22. 22. Seek Shade
    23. 23. Seek Shade
    24. 24. Sun Protective Clothing
    25. 25. Sunscreen
    26. 26. Sunscreen
    27. 27. Sunscreen • 1-2 ounce • 30 minutes prior exposure • Reapplied every 2 hours • SPF 30- 50
    28. 28. sunscreens • Creams • Sprays
    29. 29. Sun protection • Slip • Slap • Slop
    30. 30. Does modifying sun exposure work?  Increases use of sun protection  Decrease sunburns  Decrease thickness of melanoma
    31. 31. Melanoma • Define Melanoma • Magnitude of Problem • Prevention • Detection • Diagnosis/Staging • Treatment
    32. 32. Detection • Increase the detectors  General Public • Spot the Spot • ABCDE’s • High Risk Patient • Improve the detectors  Technology • Dermoscopy • Full Body Photography
    33. 33. Melanoma ABCDE’s
    34. 34. Asymmetry
    35. 35. Benign Mole — Symmetrical
    36. 36. Melanoma Asymmetrical
    37. 37. Melanoma — Asymmetrical
    38. 38. Border
    39. 39. Benign Mole — Even Edges
    40. 40. Melanoma — Uneven Edges
    41. 41. Melanoma — Uneven Edges
    42. 42. Color
    43. 43. Benign Mole — One Shade
    44. 44. Melanoma — Two or More Shades
    45. 45. Melanoma — Two or More Shades
    46. 46. Diameter
    47. 47. Benign Mole — 6mm or Smaller
    48. 48. Melanoma — Larger than 6mm
    49. 49. Melanoma — Larger than 6mm
    50. 50. Evolving
    51. 51. Melanoma — a Mole that Changes
    52. 52. Screening High Risk Patients • New or Changing Mole ABCDE’s • History of Melanoma • Family history Melanoma • Tanning salon users • Older men • All new patients
    53. 53. Screening • American Caner Society  Every 3 years between 20-40 years  Every year over 40 year
    54. 54. Improving the Detectors • Dermatologist are the best at finding melanoma
    55. 55. Dermoscopy
    56. 56. Dermoscopy
    57. 57. Full Body Photograph
    58. 58. Melanoma • Define Melanoma • Magnitude of Problem • Prevention • Detection • Diagnosis/Staging • Treatment
    59. 59. Biopsy
    60. 60. Excisonal Biopsy
    61. 61. Skin sample
    62. 62. Skin tissue processed
    63. 63. Dermatopathologist
    64. 64. Dermatopathologist Essential • Tumor thickness • Ulceration • Mitotic rate • Margins • Anatomic Level • Microsatellitosiss Optional • Angiolymphatic Invasion • Histologic Subtype • Neurotropism • Regression • T stage • Tumor infiltrating lymphoctes and vertical growth phase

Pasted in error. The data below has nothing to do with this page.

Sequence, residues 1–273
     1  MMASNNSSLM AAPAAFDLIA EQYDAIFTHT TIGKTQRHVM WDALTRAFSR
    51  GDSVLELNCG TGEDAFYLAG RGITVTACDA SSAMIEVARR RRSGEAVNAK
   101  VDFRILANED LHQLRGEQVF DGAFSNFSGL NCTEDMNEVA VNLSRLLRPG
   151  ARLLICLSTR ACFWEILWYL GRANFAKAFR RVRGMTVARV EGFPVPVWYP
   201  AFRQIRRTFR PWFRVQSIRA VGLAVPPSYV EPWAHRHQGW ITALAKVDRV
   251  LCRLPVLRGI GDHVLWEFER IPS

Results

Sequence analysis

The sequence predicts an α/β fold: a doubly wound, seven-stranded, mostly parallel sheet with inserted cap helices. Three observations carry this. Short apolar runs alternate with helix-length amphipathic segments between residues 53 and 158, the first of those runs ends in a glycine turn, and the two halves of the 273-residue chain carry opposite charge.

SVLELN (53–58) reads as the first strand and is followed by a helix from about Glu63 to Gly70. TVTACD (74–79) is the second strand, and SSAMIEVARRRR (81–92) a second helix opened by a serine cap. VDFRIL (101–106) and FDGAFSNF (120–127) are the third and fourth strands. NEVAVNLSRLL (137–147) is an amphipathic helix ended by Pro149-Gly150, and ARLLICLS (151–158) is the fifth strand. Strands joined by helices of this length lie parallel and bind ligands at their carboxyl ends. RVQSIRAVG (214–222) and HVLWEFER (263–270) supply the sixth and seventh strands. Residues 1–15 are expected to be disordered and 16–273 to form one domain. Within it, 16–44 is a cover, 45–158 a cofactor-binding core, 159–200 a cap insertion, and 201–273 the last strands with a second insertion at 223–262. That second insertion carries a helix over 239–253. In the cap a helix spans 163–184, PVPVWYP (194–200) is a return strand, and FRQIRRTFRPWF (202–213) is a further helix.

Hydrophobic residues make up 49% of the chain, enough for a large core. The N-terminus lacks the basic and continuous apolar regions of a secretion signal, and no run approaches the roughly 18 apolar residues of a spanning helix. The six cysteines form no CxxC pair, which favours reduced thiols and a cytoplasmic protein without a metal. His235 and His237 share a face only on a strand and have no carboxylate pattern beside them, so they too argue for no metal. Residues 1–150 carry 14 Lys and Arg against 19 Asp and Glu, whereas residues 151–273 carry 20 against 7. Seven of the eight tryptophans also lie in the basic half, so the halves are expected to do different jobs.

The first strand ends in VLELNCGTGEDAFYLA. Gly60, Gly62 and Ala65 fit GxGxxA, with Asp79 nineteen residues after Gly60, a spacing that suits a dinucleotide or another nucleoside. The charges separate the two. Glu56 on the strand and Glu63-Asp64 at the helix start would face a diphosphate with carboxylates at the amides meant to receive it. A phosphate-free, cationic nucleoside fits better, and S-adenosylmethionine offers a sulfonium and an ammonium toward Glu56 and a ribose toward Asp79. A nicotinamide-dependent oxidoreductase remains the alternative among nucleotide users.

65. 65. Staging
    66. 66. Sentinal node biopsy
    67. 67. Melanoma • Define Melanoma • Magnitude of Problem • Prevention • Detection • Diagnosis/Staging • Treatment
    68. 68. Melanoma Survival Stage at Diagnosis Stage Distribution 5 yr survial Localized (primary site) 84% 98.2% Regionalspread(nodes) 9% 62.4% Distant spead 4% 15.1% Unkown 4% 75.8%
    69. 69. Surgical Treatment
    70. 70. Summit Medical Group • Prevention • Detection  Well informed patients  Well trained dermatologist • Diagnosis  Dermatopathologist • Treatment  Integrated team dermatologists, surgeons, oncologists
    71. 71. Surgical Treatment
    72. 72. Surgical Treatment
    73. 73. Surgical Treatment
    74. 74. Surgical treatment • If melanoma is found in the sentinal lymph node the lymph nodes in that section may be removed
    75. 75. Medical Treatment • Radiation Therapy • Chemotherapy • Biologic therapy  Ipilimumab/ Yervoy  Vemurafenib/ Zelboraf • 5% vs 48%
    76. 76. 11 Possible Medications
    77. 77. Melanoma • Define Melanoma • Magnitude of Problem • Prevention • Detection • Diagnosis/Staging • Treatment
    78. 78. SMG Dermatology • Monib Zirvi MD-PhD • Hari Nadiminti MD • Sam Kim MD • Gabe Gruber MD • Emily Altman MD • Naheed Abbasi MD MPH
    79. 79. Melanoscan
    80. 80. Dermoscopy Advances
    81. 81. Confocal Microscopy
    82. 82. Confocal Microscopy